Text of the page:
Beginning to teach the end: the importance of including discharge from aphasia therapy in the curriculum

Hersh, Deborah and Cruice, Madeline (2010) Beginning to teach the end: the importance of including discharge from aphasia therapy in the curriculum. International Journal of Language and Communication Disorders, 45 3: 263-274. doi:10.3109/13682820902994200

Author Hersh, Deborah
Cruice, Madeline
Title Beginning to teach the end: the importance of including discharge from aphasia therapy in the curriculum
Journal name International Journal of Language and Communication Disorders   Check publisher's open access policy
ISSN 1368-2822
Publication date 2010-05
Sub-type Article (original research)
DOI 10.3109/13682820902994200
Volume 45
Issue 3
Start page 263
End page 274
Total pages 12
Place of publication Oxford, United Kingdom
Publisher John Wiley & Sons
Collection year 2011
Language eng
Formatted abstract

Discharging clients with long-term aphasia from therapy services constitutes a challenging dilemma for practising clinicians for a multitude of reasons. Although discharge was raised and discussed as a contentious issue in the field of aphasiology ten years ago, it remains an aspect of practice which is complex and underexplored. We are only a little more enlightened now than then on how to address this issue in relation to professional education and practice.


This paper draws on a single case study of a man with aphasia, his wife, and treating clinician, taken from a substantial research study, to highlight awareness of how communication, choice and differing perceptions of goals of therapy influence the experience of the discharge process. The case serves as the context for addressing a gap in the university curriculum around teaching about discharge practice in the context of long-term aphasia.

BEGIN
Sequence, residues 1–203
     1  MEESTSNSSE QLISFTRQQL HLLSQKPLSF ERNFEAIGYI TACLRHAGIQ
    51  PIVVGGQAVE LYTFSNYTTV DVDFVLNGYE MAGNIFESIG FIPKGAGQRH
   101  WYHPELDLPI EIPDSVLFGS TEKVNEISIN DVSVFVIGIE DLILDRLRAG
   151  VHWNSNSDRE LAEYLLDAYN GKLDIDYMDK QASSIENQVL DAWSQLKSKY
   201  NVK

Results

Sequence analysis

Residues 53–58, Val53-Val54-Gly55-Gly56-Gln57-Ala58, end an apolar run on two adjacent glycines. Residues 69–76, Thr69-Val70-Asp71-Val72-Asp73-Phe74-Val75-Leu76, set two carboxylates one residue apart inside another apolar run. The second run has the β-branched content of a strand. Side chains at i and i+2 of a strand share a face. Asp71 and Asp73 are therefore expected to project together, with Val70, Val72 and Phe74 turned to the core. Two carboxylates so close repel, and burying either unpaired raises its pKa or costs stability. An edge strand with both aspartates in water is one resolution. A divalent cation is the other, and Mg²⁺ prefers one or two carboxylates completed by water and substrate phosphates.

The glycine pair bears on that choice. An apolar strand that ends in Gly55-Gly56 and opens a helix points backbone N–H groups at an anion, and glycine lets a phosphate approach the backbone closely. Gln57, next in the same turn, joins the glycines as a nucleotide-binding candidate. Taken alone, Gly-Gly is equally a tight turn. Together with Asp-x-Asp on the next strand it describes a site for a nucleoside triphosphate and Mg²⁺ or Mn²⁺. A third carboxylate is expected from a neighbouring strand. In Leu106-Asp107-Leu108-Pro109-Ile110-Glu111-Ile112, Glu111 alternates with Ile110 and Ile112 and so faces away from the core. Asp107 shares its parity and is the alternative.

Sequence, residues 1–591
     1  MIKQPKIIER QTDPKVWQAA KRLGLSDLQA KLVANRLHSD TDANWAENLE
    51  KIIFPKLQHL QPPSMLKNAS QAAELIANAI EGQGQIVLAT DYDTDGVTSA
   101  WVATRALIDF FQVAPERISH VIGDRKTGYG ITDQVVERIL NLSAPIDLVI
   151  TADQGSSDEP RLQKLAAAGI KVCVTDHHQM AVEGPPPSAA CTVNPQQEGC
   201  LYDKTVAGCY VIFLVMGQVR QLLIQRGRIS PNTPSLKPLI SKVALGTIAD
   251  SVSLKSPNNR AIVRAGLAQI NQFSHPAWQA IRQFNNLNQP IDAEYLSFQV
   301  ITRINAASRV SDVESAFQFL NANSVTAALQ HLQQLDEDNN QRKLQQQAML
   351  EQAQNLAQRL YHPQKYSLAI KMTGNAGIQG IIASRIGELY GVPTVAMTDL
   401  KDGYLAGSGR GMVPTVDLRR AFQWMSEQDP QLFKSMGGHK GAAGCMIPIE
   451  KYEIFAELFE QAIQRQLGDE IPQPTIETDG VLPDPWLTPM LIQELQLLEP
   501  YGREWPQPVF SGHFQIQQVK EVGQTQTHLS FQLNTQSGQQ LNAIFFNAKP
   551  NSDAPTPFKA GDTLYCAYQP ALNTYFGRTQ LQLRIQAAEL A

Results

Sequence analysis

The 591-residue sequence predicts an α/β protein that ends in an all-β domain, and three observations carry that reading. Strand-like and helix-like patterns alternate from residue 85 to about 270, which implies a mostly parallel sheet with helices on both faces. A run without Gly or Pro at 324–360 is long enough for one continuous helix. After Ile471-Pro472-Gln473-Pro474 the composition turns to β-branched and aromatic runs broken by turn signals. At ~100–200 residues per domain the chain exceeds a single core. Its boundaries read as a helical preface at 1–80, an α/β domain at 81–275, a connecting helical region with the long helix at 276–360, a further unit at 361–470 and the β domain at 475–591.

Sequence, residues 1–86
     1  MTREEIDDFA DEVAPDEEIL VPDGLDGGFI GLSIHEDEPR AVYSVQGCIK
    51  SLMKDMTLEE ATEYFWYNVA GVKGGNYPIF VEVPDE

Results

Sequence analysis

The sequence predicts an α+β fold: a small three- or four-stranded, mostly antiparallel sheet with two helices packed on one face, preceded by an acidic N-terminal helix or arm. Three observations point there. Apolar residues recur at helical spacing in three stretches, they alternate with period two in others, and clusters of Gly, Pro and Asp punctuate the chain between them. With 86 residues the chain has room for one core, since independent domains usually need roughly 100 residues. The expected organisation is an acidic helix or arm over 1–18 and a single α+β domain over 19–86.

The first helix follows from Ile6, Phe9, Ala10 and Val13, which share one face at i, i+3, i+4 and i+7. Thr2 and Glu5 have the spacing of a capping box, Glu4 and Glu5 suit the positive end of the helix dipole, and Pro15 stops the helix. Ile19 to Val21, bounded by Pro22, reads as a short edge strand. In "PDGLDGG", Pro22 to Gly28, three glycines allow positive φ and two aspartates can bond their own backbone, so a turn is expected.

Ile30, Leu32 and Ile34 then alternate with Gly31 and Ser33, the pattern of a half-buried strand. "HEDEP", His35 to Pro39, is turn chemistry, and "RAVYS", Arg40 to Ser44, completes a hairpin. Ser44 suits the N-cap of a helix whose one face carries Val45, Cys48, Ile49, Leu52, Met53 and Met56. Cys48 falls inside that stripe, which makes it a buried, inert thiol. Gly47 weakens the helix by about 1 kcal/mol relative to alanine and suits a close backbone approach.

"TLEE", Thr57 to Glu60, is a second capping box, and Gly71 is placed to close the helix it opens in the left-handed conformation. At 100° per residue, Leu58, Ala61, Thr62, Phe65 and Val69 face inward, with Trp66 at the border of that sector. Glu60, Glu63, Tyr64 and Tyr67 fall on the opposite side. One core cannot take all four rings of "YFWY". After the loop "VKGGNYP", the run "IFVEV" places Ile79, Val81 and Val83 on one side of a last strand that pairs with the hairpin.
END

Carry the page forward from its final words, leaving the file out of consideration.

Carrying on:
Methods & Procedures

This paper describes how university and practice educators could include discharge issues in students' learning by teaching discharge in context, addressing it in formal university lessons as well as through work-based learning opportunities in clinical placements, and by scaffolding learning using graduated learning outcomes over the different stages of the students' programme.

Main contribution

This paper provides practical suggestions to guide the inclusion of discharge in teaching about communication disorders generally, and specifically in relation to long-term aphasia. Discharge needs to be appreciated within the context of the entire intervention process, with good practice modelled in both university and workplace settings. We propose that it is learned in association with stages of decision-making, duty of care, documentation, goal setting, continuous therapy evaluation, clinical reasoning, professional communication with clients, ethical behaviour, and evidence-based practice.

Conclusions & Implications

Bringing discharge practice from the realm of implicit knowledge to one that can be examined and discussed in an explicit manner should help reduce anxieties about discharge for new clinicians, help to clarify and improve the discharge approaches used by clinicians and lead to better discharge experiences for clients.

© Copyright 2010 Elsevier B.V.

Keyword Discharge
Aphasia therapy
Speech pathology/Speech and language therapy
Q-Index Code C1
Q-Index Status Confirmed Code
Institutional Status UQ

Document type: Journal Article
Sub-type: Article (original research)
Collections: Official 2011 Collection
School of Health and Rehabilitation Sciences Publications
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Citation counts: TR Web of Science Citation Count  Cited 2 times in Thomson Reuters Web of Science Article | Citations
Scopus Citation Count Cited 3 times in Scopus Article | Citations
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Created: Sun, 09 May 2010, 00:04:07 EST